In a slow gestating process, Bangladesh’s contemporary architecture has arrived at a global stage in a robust and formidable way. If 1952, and the Art College and Dhaka University Library mark the starting point of a modern architecture culture, it took a while for the new arrival.
Since the publication of the two iconic projects by Muzharul Islam in a special issue of “Commonwealth Architecture” in the prestigious Architectural Review in 1960, that was edited by Otto Koenigsberger, and sporadic mention of Islam’s work in later publications, the international attention of architecture in Bangladesh has been few. Far fewer were a theoretical narrative that anchored the production in the broader social and cultural milieu.
Although Muzharul Islam was part of an important exhibition in the USA in 1997 – “An Architecture of Independence: The Making of Modern South Asia,” that also included the works of Achyut Kanvinde, Charles Correa and Balkrishna Doshi (that I co-curated) – no extensive studies, exhibitions and publications, whether in Bangladesh or elsewhere, plumbed the depth and scope of Muzharul Islam. For years, Louis Kahn and his masterful work of the Parliament Complex provided the sole attention of the international media and serious architectural scholarship. While many architects in Bangladesh by and large claimed the Kahn complex as their own, and sought inspiration from it, they continued to work to arrive at their own destinations.
It may have been a little late in happening but architecture culture in Bangladesh now exhibits a spiritedness that also aligns with a new national poise. The newer works also address the fresh challenges of the times beyond the usual visual and aesthetical impetuses that have kept most practices going.
Perceptive architectural critics have noted the new phenomenon as the “rising” architecture of Bangladesh. From the ongoing exhibition, “Bengal Stream-The Vibrant Architecture Scene of Bangladesh,” that is traveling cities in Europe, to installations at the Venice Biennale, and from fresh attention of international publications, including The Architectural Review and The New York Times, architects in Bangladesh are enjoying new appreciation and attention. This is also amplified by invitations to exhibit at major galleries, speak at forums, and teach at prominent universities around the world, and winning prestigious awards. The publication of Locations: Anthology of Architecture and Urbanism, from Bengal Institute, for a world forum is also a significant first.
Young architects and students should note that architects in Bangladesh have arrived at the international stage with works that have depth and content, and stories to tell the rest of the world. More importantly, the works have a theoretical underpinning emerging from new but localised conditions.
The new challenges of architecture arise beyond the display of sculptural flamboyance that one notices in commercial buildings and apartment complexes in Dhaka. Random sculpturesque buildings, while demonstrating a higher standard of construction and detailing, are not necessarily the sparks in the new spirit in architectural culture.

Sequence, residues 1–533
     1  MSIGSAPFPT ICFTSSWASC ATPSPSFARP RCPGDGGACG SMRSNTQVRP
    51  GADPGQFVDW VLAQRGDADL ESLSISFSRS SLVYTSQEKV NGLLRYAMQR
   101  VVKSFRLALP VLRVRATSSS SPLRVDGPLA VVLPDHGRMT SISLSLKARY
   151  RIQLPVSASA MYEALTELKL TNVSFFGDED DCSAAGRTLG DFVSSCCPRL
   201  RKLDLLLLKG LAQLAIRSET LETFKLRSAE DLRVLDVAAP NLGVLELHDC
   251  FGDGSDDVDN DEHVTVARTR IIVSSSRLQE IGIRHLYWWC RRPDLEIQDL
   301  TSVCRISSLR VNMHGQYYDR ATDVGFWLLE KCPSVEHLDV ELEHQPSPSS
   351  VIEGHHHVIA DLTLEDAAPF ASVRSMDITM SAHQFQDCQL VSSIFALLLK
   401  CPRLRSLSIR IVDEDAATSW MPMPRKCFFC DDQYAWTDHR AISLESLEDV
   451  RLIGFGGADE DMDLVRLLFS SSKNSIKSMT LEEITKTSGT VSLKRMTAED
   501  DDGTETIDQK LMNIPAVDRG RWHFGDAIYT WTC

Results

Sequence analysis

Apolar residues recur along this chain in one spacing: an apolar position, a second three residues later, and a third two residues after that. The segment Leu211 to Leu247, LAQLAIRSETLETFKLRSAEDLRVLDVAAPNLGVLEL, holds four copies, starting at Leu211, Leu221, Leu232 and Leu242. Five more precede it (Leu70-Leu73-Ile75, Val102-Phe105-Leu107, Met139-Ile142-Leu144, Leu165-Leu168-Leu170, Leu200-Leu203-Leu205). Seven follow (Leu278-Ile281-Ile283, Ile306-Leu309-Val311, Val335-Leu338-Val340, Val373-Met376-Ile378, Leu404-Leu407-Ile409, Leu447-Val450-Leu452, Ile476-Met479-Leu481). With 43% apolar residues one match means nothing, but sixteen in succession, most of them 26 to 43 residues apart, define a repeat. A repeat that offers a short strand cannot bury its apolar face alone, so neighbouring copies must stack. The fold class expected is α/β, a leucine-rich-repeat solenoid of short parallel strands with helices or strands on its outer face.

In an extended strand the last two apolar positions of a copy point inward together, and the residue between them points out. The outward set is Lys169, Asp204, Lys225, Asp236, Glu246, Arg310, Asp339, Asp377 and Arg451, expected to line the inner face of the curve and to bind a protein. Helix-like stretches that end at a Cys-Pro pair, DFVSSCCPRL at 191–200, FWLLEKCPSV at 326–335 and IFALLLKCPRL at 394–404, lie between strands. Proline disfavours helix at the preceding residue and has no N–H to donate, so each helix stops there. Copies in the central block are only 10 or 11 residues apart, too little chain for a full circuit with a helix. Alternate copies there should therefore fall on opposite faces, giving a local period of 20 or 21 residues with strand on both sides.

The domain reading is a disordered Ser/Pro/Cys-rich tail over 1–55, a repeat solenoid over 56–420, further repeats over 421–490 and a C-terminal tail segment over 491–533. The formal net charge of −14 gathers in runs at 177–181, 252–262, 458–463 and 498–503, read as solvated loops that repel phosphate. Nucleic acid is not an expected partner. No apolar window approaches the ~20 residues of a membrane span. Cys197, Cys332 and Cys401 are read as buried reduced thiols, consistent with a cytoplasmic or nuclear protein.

There is a new landscape in architecture to reckon with, and a new scope therein. The new landscape, so to speak, is landscape. Combining the ethics of ecology and environment, landscape themes bring a new modality to the practice of architecture that discards the egoistic pretense associated with conventional practices.
In Bangladesh, the landscape question immediately ushers in the waters, that is, the hydrological dynamics that define the form and foundation of this deltaic terrain. There are quite a few projects that have arisen as a beautiful response to the measure of water. We have also come to appreciate that boats are buildings in Bangladesh. Expanding the horizon, we might include the restoration of boat crafts and making of new aquatic vessels as part of the new architecture. In short, there is much to think about in architecture around flotation, amphibiousness, buoyancy and anchoring, all of which require a new theoretical foundation in education and practice.
The landscape theme should be treated in broader terms lest it also devolves into the beautification of landforms and prettification of the terrain. Climate change and environmental well-being are perhaps the two critical sides that architects must confront while working with the landscape.
Besides the hydro-geographical issue, the other critical theme that architects face is the fate of the city and the life of the community. The production of a fine singular building is laudable, but architecture is bigger than architecture. It is part of the urban realm, which requires us to think of the impacts of singular structures on civic and public life, and the community at large. Architects typically have not addressed these issues but these are now unavoidable: How should we build our cities? How should they be designed? As national GDP progresses, and translates as greater construction activities, are we sure we have a proper game plan for our cities? Do we have a vision?
The architectural potentials and practices in Bangladesh, despite its small geography, are diverse. What we continue to pursue at Bengal Institute, in our research work and academic activities, is a broader comprehension of architecture, to affirm that the increased horizon of architecture requires a new design intelligence, and a multi-disciplinary collaboration. The challenge of architecture is no longer in volumetric virtuosity, but in facing the large scale, whether it is a response to scale of the landscape, to the scope of the city, or the condition of the community. The rising architecture of Bangladesh is evidence of this scalar operation.
This was an editorial written by Kazi Khaleed Ashraf for Vas Issue 04, Fall 2019.
Imaginary panorama of Buriganga Riverbank, (c) Bengal Institute